Established about six months ago, Felons R Us is a mission for Washington, who strongly believes in second chances based on the biblical story of Jonah. God gave Jonah a second chance to follow a specific command given him, after his initial refusal to obey, according to scripture.

Felons R Us partners with three sources for job candidates, including the South Carolina Department of Probation, Parole and Pardon Services, Christ Central Ministries and the S.C. Department of Employment and Workforce. Before he hires, all candidates are screened via a full background check and drug test. They are then trained by the company in moving skills and customer service, and they are strictly supervised on the jobs by non-convicted supervisors.

He keeps his company government-bonded and carries worker’s compensation and general liability insurance coverage. And Washington set up his company as a nonprofit organization, allowing its customers to claim an 18 percent tax deduction against the moving rate he charges.

The felons cannot work, however, on contracts he has with state or federal entities, he said.

In addition to success for ex-felons who truly want a second chance, Washington hopes to lure more companies into presenting these ex-offenders with job opportunities.

Prison officials say McDonald’s, Hardees, Lizard’s Thicket and a few construction companies in the state regularly hire ex-cons.

Many more should, however, said Washington. “The system today to expunge or to remove a felony off your record is very difficult,” he said. “It almost requires an act of the governor himself.”

Working with a state elected leader, Washington said he has developed a larger list of about 16 companies in the state who will hire felons, but he appeals for more of them.

There are ways for those with criminal convictions to put them in the past, but the road is hard.

The state’s Youthful Offender Act, for example, was legislated and specifically designed to give young offenders the tools necessary to rehabilitate, return to the community and become employed, productive residents, said Ginny Barr, state Youthful Offender Parole & Re-entry Program division director.

If the youthful offender stays out of trouble for five years after release, they can even have their criminal records expunged, she said, so the mark is removed from their permanent records.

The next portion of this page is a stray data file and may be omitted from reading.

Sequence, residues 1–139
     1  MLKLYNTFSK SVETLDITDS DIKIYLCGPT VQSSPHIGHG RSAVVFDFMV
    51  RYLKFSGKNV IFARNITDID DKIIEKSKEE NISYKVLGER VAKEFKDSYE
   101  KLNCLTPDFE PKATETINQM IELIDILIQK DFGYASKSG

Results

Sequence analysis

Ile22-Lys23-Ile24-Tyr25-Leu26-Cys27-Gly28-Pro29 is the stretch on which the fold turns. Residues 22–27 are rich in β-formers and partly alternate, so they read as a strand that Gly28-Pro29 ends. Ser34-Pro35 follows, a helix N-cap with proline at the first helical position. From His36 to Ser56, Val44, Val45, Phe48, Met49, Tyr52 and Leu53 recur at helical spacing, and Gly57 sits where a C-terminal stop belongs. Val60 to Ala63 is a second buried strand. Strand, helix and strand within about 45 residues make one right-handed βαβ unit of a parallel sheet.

“They have to apply,” though, Barr said. “Usually – if there is a hurdle – there’s a cost involved in an expungement (usually around $250). And, someone has to have the wherewithal to go to the solicitor and make the request. Unfortunately, often these young folk don’t have the gumption to do that,” Barr said.

Someone must also remember to do it, she said. “Who is going to ring the bell after five years?” Barr asked.

The stakes are high. Between 1,000 and 1,200 incarcerated youth go through the program each year, officials said, and are eligible to apply for expungement.

Also, men and women incarcerated in South Carolina have access to pre-release programs at some jails, such as Manning Correctional Institute in Columbia.

Preparations for release span such needs as education – where getting a high school diploma or GED may be the focus, or vocational training, to learn a trade such as landscaping.

Re-entry programs include training in life skills, religious programming, job coaching and panel discussions by ex-offenders to let inmates know the range of obstacles they will face when they get out. Obstacles often include being shunned by family members, having little to no money, no transportation and no interview appropriate clothing.

“All the things we take for granted, they don’t have. And then, on top of all that, you’re a felon. You’ve got a criminal record. How do you sell that to an employer?” Manning Warden Sandra Barrett said.

The answer is, you’re going to have the door shut in your face several times before someone finally says come on in and let’s talk, said Barrett.